Abstracts

Feeling Confident About Some Choices

Why do most people feel confident of some choices but question others? Because abstract thinking and concrete thinking determine the theory consumers adopt to interpret their subjective experiences of ease or difficulty during the choice, according to Claire Tsai, MBA ’01, PhD ’07, and Ann McGill, Sears Roebuck Professor of General Management, Marketing, and Behavioral Science.

In their paper “The Effects of Fluency and Construal Level on Confidence Judgments,” (pdf) Tsai and McGill asked 750 subjects to choose a variety of products, manipulating the ease of processing by varying the clarity of print advertisements or the number of thoughts subjects were asked to generate to explain their choices. Ease of choice increases confidence when consumers think concretely about the decision - for example, in making their way through detailed steps to pick one item over others. Consumers interpret smooth processes as evidence of a good pick. However, when people think abstractly about the choice - for example, in finding a way to solve a problem - ease of choice reduces confidence because consumers feel they have not performed sufficient “due diligence” to ensure a good outcome. The research, which has been accepted for publication by the Journal of Consumer Research, was covered by Asian News International.—P.H.

 

Measuring the True Cost of Innovation

While no one would argue that innovation is bad for the overall economy, it also has a dark side, according to assistant professor of finance Stavros Panageas. Although  innovation expands the productive capacity of the economy, it increases competitive pressure on existing firms and workers, reducing profits of existing firms and eroding the human capital of older workers. And since economic rents from innovation are captured largely by the future cohorts of inventors through the firms they create, existing agents cannot use financial markets to avoid the negative effects of displacement.

In “The Demographics of Innovation and Asset Returns,” (pdf) Panageas and coauthors Nicolae Gârleanu and Leonid Kogan write that while innovation provides a valuable economic boost, it does more good for some than for others, including older firms and older workers - a phenomenon he calls “the displacement effect.”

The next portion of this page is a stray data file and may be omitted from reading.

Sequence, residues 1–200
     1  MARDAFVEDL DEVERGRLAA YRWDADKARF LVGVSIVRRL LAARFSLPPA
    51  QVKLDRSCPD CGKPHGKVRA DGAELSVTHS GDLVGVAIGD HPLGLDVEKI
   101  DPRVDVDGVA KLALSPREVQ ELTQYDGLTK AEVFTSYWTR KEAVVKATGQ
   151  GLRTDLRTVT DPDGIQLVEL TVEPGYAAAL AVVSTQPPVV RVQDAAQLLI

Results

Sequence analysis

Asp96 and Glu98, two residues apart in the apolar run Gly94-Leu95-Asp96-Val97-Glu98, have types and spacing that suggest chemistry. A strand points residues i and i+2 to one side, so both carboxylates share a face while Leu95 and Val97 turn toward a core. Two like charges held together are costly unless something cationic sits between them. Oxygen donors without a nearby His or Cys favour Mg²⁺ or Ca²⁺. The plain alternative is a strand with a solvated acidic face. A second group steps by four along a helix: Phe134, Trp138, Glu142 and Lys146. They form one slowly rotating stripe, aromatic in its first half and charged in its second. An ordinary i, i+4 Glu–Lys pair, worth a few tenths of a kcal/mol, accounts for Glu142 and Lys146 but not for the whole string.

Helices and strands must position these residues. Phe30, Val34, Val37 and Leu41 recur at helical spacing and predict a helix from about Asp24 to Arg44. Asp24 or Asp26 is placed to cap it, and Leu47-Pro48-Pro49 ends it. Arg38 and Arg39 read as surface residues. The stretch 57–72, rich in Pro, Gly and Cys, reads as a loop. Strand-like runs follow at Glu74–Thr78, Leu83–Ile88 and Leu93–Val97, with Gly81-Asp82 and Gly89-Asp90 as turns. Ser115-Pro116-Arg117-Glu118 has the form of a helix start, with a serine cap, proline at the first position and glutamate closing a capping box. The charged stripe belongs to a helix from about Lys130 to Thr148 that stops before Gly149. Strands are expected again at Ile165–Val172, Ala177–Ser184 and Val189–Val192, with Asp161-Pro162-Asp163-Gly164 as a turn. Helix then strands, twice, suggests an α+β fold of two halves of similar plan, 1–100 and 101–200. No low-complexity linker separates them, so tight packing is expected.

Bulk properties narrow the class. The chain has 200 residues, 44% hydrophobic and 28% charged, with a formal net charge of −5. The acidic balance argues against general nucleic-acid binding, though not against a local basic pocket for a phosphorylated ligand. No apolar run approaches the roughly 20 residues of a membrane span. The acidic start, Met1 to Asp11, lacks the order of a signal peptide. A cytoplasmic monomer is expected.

A Huffington Post story on the research said, “The traditional way of measuring risk and financial returns - using aggregate data - is misleading because it fails to properly account for displacement risk. We need to measure consumption and wealth risk faced by the same cohort of households over time rather than relying on the average, aggregate numbers, which cover both the old and new cohorts of households.”—P.H.

 

Are You Willing to Bet on a Hot Streak?

Do people expect a rising stock market to continue to rise? Probably yes, if they believe the market has “a mind of its own,” according to research by Eugene Caruso, assistant professor of behavioral science; Nicholas Epley, John Templeton Keller Professor of Behavioral Science; and Adam Waytz. In “The Intentional Mind and the Hot Hand,” (pdf) the researchers note that people can appear inconsistent in their intuitions about the sequence of repeated events. If the agent of a “hot streak” appears to act intentionally (as in a basketball player hitting shots), subjects assume the streak will continue. If the agent does not appear to be acting intentionally (as in betting on a roulette wheel), they assume it will end.

The researchers also measured the subjects’ tendency to attribute human characteristics to nonhuman agents, then showed them graphs of market activity for four stocks over two-week periods. Those with a greater tendency to anthropomorphize were more likely to believe a rise in stock prices would continue, the researchers said.

“This last study has important implications,” said a story about the work on PsychologyToday.com. It cautioned readers, “We must take some care not to ascribe intentions to processes that are really random.”—P.H.

Last Updated 11/19/10